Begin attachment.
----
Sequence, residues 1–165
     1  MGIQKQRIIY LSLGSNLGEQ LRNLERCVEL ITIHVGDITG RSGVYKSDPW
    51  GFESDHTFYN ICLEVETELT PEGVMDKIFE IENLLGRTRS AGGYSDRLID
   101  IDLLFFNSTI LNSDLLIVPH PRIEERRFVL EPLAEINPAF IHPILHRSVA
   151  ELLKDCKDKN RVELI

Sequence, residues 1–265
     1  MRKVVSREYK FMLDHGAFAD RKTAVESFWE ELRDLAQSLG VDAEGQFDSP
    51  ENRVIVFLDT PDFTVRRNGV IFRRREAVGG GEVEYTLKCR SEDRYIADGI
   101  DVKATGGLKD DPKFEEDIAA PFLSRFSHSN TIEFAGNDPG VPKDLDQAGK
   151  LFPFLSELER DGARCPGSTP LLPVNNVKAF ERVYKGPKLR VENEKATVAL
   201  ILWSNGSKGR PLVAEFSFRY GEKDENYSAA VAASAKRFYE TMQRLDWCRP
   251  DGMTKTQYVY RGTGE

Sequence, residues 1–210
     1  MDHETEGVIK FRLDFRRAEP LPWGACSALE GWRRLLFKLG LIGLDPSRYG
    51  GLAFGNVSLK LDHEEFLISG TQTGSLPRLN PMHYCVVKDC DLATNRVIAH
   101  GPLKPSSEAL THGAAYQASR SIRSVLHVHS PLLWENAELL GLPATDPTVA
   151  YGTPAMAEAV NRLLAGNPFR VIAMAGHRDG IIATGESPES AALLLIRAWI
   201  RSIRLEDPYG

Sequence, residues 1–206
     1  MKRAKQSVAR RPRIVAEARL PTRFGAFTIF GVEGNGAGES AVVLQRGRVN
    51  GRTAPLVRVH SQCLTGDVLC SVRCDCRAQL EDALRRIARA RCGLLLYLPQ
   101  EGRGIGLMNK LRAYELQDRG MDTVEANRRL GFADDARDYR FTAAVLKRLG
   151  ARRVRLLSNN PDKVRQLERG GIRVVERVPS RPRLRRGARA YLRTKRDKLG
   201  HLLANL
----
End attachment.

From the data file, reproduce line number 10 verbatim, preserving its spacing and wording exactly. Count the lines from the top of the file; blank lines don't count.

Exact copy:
   151  LFPFLSELER DGARCPGSTP LLPVNNVKAF ERVYKGPKLR VENEKATVAL